AAP: Medical home integral to reduce harms of poverty, toxic stress among children

AAP president James M. Perrin, MD, FAAP, emphasized the importance of the medical home and how comprehensive care can alleviate two significant threats to the promise of a child — toxic stress and poverty — during his address at the 2014 AAP National Conference and Exhibition.

“We know that poverty blunts the promise of a child, and that programs and policies can really make a difference,” Perrin said. “One reason our country has not made more progress is that our interventions often come too late. If there is one overarching theme from the past few decades of research about how to break the cycle of poverty in the United States, it’s the power of parenting and intervening early, ideally in the first year or two of life, or even before a child is born.”

The AAP is working to level the playing field among children of all backgrounds by finding new payment arrangements and using new technologies to benefit patient care. These efforts have the potential to improve functionality of school-based health centers and other outpatient programs, which may be some children’s only source of health care, and advance telemedicine practices, which can serve as an extension of care for all children.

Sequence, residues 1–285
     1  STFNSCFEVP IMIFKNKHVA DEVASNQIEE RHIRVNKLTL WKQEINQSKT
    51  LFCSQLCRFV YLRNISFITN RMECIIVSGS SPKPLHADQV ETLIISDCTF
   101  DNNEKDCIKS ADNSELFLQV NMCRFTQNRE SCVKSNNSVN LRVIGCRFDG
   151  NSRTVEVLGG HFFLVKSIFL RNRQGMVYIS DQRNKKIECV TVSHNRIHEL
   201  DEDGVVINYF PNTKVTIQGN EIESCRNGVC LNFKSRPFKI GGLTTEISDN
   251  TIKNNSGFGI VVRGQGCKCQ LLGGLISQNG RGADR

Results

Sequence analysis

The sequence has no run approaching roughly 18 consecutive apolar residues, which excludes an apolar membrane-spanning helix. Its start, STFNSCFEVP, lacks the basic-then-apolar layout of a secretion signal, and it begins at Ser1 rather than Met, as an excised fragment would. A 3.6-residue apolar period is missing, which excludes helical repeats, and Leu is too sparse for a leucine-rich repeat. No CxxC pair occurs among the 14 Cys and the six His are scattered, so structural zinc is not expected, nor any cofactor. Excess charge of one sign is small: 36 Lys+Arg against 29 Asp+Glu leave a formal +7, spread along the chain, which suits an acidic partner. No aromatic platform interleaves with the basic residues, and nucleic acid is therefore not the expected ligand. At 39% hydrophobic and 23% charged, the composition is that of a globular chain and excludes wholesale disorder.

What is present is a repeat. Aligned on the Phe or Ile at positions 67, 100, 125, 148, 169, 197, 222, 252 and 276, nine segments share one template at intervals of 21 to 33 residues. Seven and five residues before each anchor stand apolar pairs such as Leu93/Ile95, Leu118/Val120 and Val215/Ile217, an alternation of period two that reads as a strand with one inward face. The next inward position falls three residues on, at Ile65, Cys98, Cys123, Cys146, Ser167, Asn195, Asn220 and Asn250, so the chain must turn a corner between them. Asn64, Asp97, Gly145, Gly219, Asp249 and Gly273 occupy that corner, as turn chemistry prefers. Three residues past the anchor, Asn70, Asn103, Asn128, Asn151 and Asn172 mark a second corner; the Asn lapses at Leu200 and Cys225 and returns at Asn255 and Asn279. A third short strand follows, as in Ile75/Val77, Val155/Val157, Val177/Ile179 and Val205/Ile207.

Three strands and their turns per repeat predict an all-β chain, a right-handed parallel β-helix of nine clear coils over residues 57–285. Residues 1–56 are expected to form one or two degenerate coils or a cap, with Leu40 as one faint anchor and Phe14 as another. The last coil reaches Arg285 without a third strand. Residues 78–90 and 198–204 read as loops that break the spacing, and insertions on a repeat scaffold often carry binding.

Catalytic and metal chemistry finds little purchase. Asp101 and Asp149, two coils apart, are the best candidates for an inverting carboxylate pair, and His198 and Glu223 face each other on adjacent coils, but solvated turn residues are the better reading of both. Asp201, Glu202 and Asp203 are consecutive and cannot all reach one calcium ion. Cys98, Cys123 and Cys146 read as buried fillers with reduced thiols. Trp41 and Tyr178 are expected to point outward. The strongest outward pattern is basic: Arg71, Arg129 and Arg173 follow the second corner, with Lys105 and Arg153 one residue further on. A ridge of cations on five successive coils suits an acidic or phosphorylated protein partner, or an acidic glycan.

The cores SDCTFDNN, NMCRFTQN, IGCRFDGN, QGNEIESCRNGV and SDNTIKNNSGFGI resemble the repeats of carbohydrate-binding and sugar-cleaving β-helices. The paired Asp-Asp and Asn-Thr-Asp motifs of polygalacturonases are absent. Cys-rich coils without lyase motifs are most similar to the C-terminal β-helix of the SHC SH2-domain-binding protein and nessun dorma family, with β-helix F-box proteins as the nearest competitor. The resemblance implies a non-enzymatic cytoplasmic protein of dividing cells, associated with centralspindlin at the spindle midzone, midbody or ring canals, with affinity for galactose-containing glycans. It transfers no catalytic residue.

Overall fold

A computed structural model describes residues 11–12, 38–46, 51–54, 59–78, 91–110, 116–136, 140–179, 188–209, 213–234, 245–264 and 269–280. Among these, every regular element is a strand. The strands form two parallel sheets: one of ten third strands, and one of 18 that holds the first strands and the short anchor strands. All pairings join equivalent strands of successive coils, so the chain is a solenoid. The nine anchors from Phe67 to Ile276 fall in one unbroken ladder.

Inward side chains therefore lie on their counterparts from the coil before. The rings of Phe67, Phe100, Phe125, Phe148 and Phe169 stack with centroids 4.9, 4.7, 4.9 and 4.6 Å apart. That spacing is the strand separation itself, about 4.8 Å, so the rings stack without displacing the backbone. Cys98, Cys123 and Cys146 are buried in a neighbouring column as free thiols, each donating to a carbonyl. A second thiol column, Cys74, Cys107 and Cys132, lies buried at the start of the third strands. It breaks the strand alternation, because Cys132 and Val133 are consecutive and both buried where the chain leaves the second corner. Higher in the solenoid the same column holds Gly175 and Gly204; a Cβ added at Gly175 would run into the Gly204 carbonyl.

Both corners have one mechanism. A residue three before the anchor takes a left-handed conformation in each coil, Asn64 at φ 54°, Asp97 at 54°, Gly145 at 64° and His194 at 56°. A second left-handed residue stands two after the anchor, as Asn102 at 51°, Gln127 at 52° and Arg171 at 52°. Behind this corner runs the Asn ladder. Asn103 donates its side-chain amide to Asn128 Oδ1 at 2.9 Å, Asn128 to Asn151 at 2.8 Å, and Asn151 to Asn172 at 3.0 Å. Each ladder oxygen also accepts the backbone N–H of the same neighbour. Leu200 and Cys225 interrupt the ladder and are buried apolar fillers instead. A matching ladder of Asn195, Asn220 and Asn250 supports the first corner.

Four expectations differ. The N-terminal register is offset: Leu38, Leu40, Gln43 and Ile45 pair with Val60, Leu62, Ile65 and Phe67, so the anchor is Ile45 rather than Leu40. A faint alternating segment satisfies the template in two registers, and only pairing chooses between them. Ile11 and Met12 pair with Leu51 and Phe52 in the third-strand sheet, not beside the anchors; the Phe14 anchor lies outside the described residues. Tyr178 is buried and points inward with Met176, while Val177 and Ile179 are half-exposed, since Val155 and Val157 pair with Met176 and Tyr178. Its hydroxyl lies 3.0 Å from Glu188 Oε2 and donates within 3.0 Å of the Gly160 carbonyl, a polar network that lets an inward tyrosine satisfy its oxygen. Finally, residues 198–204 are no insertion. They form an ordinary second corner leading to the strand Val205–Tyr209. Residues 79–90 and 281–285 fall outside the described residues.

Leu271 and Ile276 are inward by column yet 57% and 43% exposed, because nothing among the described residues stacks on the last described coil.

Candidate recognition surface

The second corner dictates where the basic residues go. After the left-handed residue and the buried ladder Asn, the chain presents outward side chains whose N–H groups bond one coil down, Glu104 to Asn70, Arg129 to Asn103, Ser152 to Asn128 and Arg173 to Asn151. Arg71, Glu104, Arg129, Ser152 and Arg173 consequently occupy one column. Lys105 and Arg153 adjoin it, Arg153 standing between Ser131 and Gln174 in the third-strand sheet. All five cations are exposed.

“When it comes to making sure children get the care and caring they need, there is no place like a medical home, with its teams and systems that establish relationships with parents and provide care for the whole child,” Perrin said.

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